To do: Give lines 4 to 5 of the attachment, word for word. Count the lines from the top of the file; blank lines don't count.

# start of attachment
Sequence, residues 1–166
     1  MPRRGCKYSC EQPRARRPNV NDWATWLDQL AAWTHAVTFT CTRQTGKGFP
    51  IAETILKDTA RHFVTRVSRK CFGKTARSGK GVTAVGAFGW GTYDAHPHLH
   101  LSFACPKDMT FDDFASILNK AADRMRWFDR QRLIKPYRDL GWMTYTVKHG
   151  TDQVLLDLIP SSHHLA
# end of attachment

   101  LSFACPKDMT FDDFASILNK AADRMRWFDR QRLIKPYRDL GWMTYTVKHG
   151  TDQVLLDLIP SSHHLA